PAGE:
I had a case a few months ago that seems might be related to this unit
conversion problem. I had created a donut shaped fine pitch shield made up
of concentric 4mil arcs, each 8 mil radius larger than the previous arc. The
two sides of the PCB had traces lined up with the spaces on the opposite
side. Each side had about 80 concentric arcs. About 30 arcs into the
structure an error occurred. An arc was skewed. It crossed other arcs. The
matter was not noticed until the board house examined the files with an
independent gerber viewer. Protel 99SE and Camastic both showed this arc in
the proper position while Gcprevue showed it crossing other arcs. To fix it
I drew the arcs in metric units and the arcs appeared properly in both
Camtastic and GCPrevue. It would seem that Protel 9SE and Camtastic must
share some unit conversion code that has a bug.
Dave Eloranta

-----Original Message-----
From:   Leonard Fischer [mailto:[EMAIL PROTECTED]]
Sent:   Monday, December 17, 2001 5:13 PM
To:     'Protel EDA Forum'
Subject:        Re: [PEDA] bug plotting rotated fill

Wow.  That is interesting and kind of amazing that it is workable.  And the
first paragraph where you just said it was a board with submicron precision
really threw me for a loop.


It seems to me that part of the issue here is that Protel and Camtastic are
both designed for larger physical boards.  Ideally of course Altium would
fix the precision issues.  If they don't, or don't quickly enough to do what
you need, could you work at some multiplication/magnification of the final
scale, say 10x, then just "photographically" reduce the Gerbers?  I'm
assuming there is some way to do that (Camtastic?), not that I know how.

This could help with the precision issue in Protel and the magnification in

Just like working with 4x decals and tape!

I'm also assuming that the ceramic module is relatively small compared to a
PC Board - I'd be interested in hearing more about the ceramic module, like
how big it is and what kind of components you put on it, if that's not

Len Fischer
Trax Softworks

-----Original Message-----
From: Abd ul-Rahman Lomax [mailto:[EMAIL PROTECTED]]
Sent: Monday, December 17, 2001 11:10 AM
To: Protel EDA Forum
Subject: [PEDA] bug plotting rotated fill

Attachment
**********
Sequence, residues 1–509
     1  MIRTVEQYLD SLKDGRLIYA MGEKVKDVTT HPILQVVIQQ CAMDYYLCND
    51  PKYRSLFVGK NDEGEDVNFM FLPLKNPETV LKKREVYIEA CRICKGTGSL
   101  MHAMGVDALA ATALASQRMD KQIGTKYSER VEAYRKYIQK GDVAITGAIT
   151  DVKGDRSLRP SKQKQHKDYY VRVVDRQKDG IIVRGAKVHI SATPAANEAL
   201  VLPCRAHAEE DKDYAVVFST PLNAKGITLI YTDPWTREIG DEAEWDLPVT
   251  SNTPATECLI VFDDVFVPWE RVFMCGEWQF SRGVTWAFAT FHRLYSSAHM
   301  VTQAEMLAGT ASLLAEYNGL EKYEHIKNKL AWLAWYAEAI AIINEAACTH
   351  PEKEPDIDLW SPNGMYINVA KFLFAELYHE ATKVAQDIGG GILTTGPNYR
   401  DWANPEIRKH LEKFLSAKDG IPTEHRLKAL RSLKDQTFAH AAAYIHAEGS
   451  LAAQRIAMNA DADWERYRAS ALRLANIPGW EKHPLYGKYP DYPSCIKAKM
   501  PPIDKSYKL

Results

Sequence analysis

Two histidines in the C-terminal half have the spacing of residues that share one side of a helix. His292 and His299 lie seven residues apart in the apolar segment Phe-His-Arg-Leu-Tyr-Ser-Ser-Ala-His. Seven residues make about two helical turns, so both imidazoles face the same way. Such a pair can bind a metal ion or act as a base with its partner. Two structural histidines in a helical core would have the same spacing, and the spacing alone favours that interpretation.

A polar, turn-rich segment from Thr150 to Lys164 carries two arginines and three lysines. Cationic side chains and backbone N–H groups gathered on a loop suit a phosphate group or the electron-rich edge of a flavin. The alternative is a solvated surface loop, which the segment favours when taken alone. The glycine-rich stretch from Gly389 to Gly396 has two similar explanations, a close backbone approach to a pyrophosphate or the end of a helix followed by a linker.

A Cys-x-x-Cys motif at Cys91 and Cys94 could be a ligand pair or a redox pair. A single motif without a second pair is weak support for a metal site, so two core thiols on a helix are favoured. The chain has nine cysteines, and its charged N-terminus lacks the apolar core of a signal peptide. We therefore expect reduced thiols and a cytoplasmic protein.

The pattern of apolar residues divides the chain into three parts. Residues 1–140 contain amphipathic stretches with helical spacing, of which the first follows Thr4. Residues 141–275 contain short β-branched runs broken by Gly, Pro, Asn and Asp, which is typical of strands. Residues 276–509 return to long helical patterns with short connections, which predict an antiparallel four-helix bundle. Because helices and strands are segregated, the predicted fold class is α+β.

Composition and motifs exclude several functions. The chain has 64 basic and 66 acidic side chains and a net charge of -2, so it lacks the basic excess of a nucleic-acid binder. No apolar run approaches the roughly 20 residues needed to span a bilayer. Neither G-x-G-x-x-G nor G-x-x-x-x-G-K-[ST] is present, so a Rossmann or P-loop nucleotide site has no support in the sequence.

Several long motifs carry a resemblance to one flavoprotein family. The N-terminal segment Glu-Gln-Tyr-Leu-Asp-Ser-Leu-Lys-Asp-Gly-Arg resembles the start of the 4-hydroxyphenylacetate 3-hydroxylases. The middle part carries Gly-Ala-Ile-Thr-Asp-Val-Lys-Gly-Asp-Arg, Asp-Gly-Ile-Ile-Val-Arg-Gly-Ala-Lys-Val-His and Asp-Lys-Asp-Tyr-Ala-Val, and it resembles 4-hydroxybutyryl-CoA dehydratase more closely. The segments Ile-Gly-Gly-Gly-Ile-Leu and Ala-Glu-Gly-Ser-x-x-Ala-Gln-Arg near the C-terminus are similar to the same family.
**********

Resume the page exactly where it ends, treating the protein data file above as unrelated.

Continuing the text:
I'm working on a board which requires high precision, in the submicron
range. Theoretically, Protel supports photoplotting with four-place decimal
metric, i.e., one-tenth micron resolution; however, I ran into some
problems with PCB and with CAMtastic.

Rotated fills, which are not flashed but which are drawn, were seen to have
some stray draws. I've sent files to [EMAIL PROTECTED], but for
our bug list, I am also reporting the matter here.

That rotated fills (and pads, I expect) are drawn instead of being flashed
is a bit distressing; this board already generates a lot of data and
drawing those fills will make the gerber files huge. Rectangles (and other
shapes) can be created with RS-274X Aperture Macros, which include a
rotation parameter. They would then also be importable as single primitives
(with appropriately modified gerber import routines.)

Fortunately the fills only occur on one layer which will not be fabricated
with the "PCB" (it is a multilayer co-fired ceramic module) but will be
added later as a separate metalization on the top of the module.

Then, looking at the files in CAMtastic, the aperture tables did not
properly import, there were errors in aperture creation  on the order of
1.5 microns. This is a bit hard to fathom; a metric 150 micron draw
embedded in RS-274X should become, one would think, a 150 micron aperture
in the CAMtastic aperture table, but it doesn't, instead it is 149.9
microns. (Some other apertures had higher deviations.) I'd guess that
metric apertures are being translated to inches on creation, then displayed
back as metric. But the aperture tables were editable to the correct
values, so it is not that the database does not support sufficient

However, the maximum zoom level in CAMtastic does not provide as high a
magnification as does PCB, it was barely adequate, if cramped, for working
in the micron range. PCB provides plenty of magnification before it refuses
to zoom in further, it looks to me like roughly 0.1 micron per pixel.
Abdulrahman Lomax
Easthampton, Massachusetts USA

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